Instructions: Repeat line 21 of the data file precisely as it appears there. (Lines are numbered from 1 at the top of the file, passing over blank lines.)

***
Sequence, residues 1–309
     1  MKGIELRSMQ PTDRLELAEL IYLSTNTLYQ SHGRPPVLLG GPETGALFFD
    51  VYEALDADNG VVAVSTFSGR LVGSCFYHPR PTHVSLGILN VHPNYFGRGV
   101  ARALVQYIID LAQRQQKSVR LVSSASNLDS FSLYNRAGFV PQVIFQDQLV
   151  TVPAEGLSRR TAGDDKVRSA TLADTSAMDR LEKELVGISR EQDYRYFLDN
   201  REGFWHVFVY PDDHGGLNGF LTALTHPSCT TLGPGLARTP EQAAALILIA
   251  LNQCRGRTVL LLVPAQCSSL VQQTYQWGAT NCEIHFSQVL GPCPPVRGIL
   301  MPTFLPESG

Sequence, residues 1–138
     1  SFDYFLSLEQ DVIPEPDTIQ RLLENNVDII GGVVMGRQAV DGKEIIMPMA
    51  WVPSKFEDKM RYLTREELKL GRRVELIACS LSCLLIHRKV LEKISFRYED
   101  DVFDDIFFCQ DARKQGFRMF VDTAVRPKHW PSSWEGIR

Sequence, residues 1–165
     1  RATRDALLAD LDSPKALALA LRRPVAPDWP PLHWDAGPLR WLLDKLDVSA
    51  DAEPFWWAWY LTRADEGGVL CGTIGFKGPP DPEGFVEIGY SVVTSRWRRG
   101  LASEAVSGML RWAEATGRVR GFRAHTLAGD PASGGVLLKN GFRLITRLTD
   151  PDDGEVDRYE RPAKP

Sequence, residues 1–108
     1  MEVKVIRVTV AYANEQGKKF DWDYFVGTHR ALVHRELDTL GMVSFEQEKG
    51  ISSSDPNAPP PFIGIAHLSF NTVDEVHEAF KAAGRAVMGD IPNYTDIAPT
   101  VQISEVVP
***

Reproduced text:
   101  VQISEVVP